- Ash Daniel
- Saxton Moore is the main man behind Pixel Pirate, a Shockoe Bottom animation studio currently giving life to a very unusual TV pilot about Abraham Lincoln (inset). "It's kind of like an alternative world," Moore says.
Richmond's had its brushes with television fame. It's been a production home for short-lived network dramas such as UPN's "Legacy" and ABC's "In the Line of Fire" and "Commander in Chief," but the River City's never seen anything like "Epic Abraham."
On a recent afternoon at Shockoe Bottom's Superior Production Exchange building, a small group of animators are hard at work in the offices of the Pixel Pirate animation studio bringing to life what appears to be one badass, pissed-off Abraham Lincoln. They're crafting an 11-minute pilot program to pitch to the Adult Swim lineup on Turner Broadcasting's Cartoon Network.
"Epic Abraham" is the most prominent of many projects under way at Pixel Pirate, which was founded in 2009 by Saxton Moore, an Emmy-nominated animator who's worked for Cartoon Network and Nickelodeon and has illustrated books for Random House, Penguin Books and Scholastic. Pixel Pirate launched its own book imprint last year with Moore's children's book, "Yin the Master of Yo," about a young yo-yo practitioner. He's developing the product into an iTunes game app, with accompanying yo-yos and other merchandising.
A native of Atlanta, Moore, 37, moved Pixel Pirate to Richmond in 2010 to be closer to family after he was laid off from American Greetings, where he worked with former Disney animators to revamp the Care Bears and Strawberry Shortcake for a new generation of children, with cartoons and merchandising. He also co-designed characters for American Greetings' CBS animated children's series "Sushi Pack."
Moore got his start in advertising and then began working at Primal Scream, an animation studio that was working on early ads for Cartoon Network, promoting characters from "The Flintstones" and "Speed Racer."
"That's how I developed my style," Moore says. "There was only a handful of us ... and we only had an hour or so to grab onto George Jetson's style to Jonny Quest's style to the Powerpuff Girls." He also worked on seminal Adult Swim shows such as "Aqua Teen Hunger Force" and "Squidbillies," along with properties for kids.
"We developed 'Cartoon Cartoon Fridays,' and a lot of people see my stuff on YouTube now and they say, 'Man, I was 6 when that came out!' and it makes me feel old as dirt!" Moore says, laughing.
Last year Moore was working on a series of history shorts for Nickelodeon's Nick Jr. lineup when he went looking for local help. Through Craigslist, he found Joseph Ryan, 28, an adjunct instructor at Virginia Commonwealth University and graduate of its kinetic imaging program, which includes film and animation. The series Moore and Ryan produced was nominated for an Emmy this year. Now they're working with Richmond production house Shave Effects on "Epic Abraham," Ryan's brainchild, billed as "Blood, Guts and Gore in 1824," and featuring an Abraham Lincoln character fighting zombies and a Frankenstein-like wrestler.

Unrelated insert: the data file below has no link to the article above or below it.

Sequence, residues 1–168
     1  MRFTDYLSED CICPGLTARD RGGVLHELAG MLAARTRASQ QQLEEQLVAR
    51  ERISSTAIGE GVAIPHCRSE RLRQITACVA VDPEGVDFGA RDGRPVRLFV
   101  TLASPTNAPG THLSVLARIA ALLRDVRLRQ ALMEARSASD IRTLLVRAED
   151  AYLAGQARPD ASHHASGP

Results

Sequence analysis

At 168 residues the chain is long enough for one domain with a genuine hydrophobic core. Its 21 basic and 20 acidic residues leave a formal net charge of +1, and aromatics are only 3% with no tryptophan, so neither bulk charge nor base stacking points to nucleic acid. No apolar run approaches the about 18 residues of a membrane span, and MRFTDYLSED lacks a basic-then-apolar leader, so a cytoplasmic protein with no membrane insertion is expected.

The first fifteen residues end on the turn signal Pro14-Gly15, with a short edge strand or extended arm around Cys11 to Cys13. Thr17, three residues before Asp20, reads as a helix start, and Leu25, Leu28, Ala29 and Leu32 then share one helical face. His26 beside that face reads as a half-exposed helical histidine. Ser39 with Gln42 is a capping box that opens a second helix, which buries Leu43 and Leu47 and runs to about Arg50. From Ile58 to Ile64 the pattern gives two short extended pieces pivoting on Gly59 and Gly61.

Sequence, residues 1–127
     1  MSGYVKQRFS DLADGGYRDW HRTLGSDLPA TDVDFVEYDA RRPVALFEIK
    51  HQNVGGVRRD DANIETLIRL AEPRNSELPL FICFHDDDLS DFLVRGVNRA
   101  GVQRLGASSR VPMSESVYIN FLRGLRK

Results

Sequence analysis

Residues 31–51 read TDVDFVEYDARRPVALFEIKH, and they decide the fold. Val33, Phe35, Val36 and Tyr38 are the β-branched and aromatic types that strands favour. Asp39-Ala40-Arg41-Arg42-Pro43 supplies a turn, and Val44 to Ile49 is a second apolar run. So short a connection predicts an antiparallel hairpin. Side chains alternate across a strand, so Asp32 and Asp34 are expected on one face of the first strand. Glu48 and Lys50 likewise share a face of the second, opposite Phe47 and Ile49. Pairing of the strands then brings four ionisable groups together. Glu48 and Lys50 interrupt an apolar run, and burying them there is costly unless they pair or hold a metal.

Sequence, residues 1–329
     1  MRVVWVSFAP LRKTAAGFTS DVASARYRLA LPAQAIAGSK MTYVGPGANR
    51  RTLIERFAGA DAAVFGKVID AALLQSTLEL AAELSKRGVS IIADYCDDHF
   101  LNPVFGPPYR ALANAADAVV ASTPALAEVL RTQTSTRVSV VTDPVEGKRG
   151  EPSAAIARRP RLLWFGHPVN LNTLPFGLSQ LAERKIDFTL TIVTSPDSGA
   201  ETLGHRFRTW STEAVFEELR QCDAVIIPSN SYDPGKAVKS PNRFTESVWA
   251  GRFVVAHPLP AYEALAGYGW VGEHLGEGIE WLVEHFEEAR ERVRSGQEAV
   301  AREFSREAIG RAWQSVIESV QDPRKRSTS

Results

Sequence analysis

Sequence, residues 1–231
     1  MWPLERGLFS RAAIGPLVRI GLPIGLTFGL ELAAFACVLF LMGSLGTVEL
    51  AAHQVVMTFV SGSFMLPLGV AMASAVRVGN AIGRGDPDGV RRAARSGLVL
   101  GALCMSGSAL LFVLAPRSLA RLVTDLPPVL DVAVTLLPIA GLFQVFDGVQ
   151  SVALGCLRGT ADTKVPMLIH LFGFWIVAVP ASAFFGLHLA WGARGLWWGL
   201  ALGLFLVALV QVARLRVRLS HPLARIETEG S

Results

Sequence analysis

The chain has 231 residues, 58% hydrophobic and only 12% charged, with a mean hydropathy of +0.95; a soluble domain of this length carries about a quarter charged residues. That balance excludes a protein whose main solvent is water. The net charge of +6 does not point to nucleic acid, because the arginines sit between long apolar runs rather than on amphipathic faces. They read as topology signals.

"It takes history and plays with it," says Ryan, a Mechanicsville native, calling it a "dark history lesson. ... I grew up around here and I'm really into ghost stories. There are a lot of supernatural elements [in "Epic Abraham"] but there are also Western elements."
Among the history it plays with is Lincoln himself, who was just 15 in 1824.
"That's kind of the kicker," Ryan says. "I set it up to play with the idea that it might be Abraham Lincoln, but instead ... eventually you find out that this is the guy Abraham Lincoln is based on."
"It's like an alternative world," Moore says. "I'm kind of fond of not saying the last name and letting whoever watches it figure out the idea on their own."
Ryan draws the characters and backgrounds, writes the script, composes the show's Western-themed music and provides the voice of the title character, combining a dash of Clint Eastwood with a healthy dose of Aussie Mad Max.
"The word 'multitalented' should always precede the name Joseph Ryan," says Dave Gau, owner of Shave Effects and executive producer of "Epic Abraham." Other voices in the show are provided by local improv actors, including Gau's wife, Terry Menefee Gau, a Screen Actors Guild actress who was in the film "Evan Almighty."
Pixel Pirate and Shave are employing VCU art-school students and graduates in their endeavors. Moore enjoys being able to provide a hands-on experience in animation here in Richmond for them, rather than forcing them to seek jobs in Los Angeles or New York.
On a typical day, Nick Sampson, 22, is lip-syncing Abraham's dialogue, while Anne Lantz, 20, works on texturing, coloring and shading the characters. Nearby, Daphne Ching, 22, is working on a tablet computer, drawing a saber-toothed tiger for a project for Chicago's Field Museum of Natural History, one of Pixel Pirate's clients.
"It's cool to be able to stay around," Sampson says. "We already know the area and the people, so it's awesome to be able to have this opportunity." S